A Pastor’s Pain

A Pastor’s Pain

Many people may believe they know what a pastor’s pain is in their ministry and life. They may believe it is the member who knows it all and makes sure the pastor knows the best way to perform his ministry. They may believe it is the one who constantly complains about everything, the music is too loud, too soft, it is too old, it is too new, we have never done it that way before. They may believe it is the one who talks behind the pastor’s back about him. They may believe it is the person who says the pastor before this one was so much better. The list is long that could cause a pastor pain but while all these and many more may cause a pastor discomfort and pain they are not a pastor’s pain.

A pastor’s pain is when he stands before Jesus and looks Him in the eye and Jesus asks him, “Feed My sheep”, and the pastor has to say to Him, “I am sorry, the sheep you gave me to feed I lost”. The pastor says to Jesus, “They left the house you gave me to watch over”. They left for what they believe were good reasons. They left because someone spoke harshly to them, someone didn’t talk to them, someone didn’t agree with them, someone changed the way the church was run, someone changed the music, someone sat in their pew, someone hurt them, and someone changed my church. The list could go on and on of the reasons for someone leaving the church. Each one of those reasons seemed like a good reason to leave. The problem lies in that the church is thought of as a country club rather than a hospital. The church is a hospital and each patient has their own particular health problem and some have more difficult cases needing more care and takes more time of the doctors and nurses and staff of the hospital. But each needs to be in the hospital or they will never get better. Each one needs to be there because they may have set backs and need more treatment. No, wait, each needs to be there because they WILL have a set back and DEFINITELY need more treatment, just like the pastor.

Now you may be wondering what does this have to do with a pastor’s pain. A pastor’s pain is that no matter the reason that a person leaves the church he is pastoring, it is his fault. It is his fault because he didn’t act or maybe he did act and it was the wrong action. A pastor is called to feed the sheep of God and when the sheep leave it is his fault. Jesus has asked a pastor to “Feed My sheep” and a pastor who loses His sheep believes it is his fault and no matter what it is up to him to make sure that does not happen and when they leave that is a pastor’s pain. It may not be realistic or true but that does not matter to the pastor, he believes it is his FAULT.

Now, having said all that I have not written this to receive your sympathy. I have written this to let you know that as you look at your pastor know he is constantly carrying this pain with him wherever he goes and no matter how many churches he may pastor, he will remember every one of those people who left on his watch.  Even though people come and go in a church it does not matter each loss is pain in the heart of a pastor and can never be removed. A pastor lives with this pain every day of his life and will live with it until the day he dies. Please know that this is written in love so that you can hopefully understand when a pastor may be depressed or hurting or burning out and may say things in anger or frustration often times it is because the pain never goes away. May God bless you wherever you hear the Word of God and with the freedom that Jesus brings through His sacrifice and forgiveness. God Bless you all.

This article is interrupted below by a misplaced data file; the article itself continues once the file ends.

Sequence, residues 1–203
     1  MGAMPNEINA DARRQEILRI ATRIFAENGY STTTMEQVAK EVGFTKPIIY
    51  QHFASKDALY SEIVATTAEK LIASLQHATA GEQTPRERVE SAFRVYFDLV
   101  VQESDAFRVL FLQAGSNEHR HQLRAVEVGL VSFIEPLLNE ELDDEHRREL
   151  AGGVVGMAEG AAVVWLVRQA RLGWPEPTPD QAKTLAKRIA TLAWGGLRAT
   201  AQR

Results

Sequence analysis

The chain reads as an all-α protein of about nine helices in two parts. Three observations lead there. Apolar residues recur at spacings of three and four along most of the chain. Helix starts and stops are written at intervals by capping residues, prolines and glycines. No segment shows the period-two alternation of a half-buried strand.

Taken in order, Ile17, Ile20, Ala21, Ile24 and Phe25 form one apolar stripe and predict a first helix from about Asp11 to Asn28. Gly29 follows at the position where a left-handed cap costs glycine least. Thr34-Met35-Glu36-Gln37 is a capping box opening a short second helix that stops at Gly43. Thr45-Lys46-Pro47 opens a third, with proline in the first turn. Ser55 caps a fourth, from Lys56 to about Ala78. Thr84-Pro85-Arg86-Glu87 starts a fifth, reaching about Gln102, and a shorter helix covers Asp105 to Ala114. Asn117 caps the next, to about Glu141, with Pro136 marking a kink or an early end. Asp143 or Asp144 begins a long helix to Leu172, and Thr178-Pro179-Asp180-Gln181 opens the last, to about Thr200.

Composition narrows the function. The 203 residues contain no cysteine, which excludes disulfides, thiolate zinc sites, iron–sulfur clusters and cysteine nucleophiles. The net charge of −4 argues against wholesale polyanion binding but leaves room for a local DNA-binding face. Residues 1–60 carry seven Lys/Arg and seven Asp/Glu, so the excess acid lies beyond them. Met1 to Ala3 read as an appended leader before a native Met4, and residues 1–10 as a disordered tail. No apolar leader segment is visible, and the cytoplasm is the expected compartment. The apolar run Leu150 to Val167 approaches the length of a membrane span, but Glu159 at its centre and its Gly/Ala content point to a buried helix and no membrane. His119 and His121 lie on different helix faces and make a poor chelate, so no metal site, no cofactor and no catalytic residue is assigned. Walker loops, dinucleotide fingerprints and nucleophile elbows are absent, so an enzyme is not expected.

Pastor Randy Johnson

Dust Bunnies

Dust Bunnies
Ash Wednesday brings to mind the image of dust and especially dust bunnies because of the words said during the imposition of ashes: Genesis 3:19b “for you are dust, and to dust you shall return.”
Dust is something that also comes to mind in my house when you think of spring (not my wife’s fault, LOL). One of the first things that is done when spring gets here and the weather finally warms up. We open windows and let the wind blow through the house. As the wind comes through you see all the dust and dust bunnies stir and seem to come to life.
When you think of the dust of ashes it is not a particularly uplifting image. If the oak tree is the symbol of strength and permanence, dust is the symbol decay, death, and destruction. It is not hard to grasp this feeling of being here one moment and gone the next. Dust is something that can be swept up and tossed away. It can be forgotten, thought of no more and even erased from the world as if it never existed. This causes us to think of our own mortality.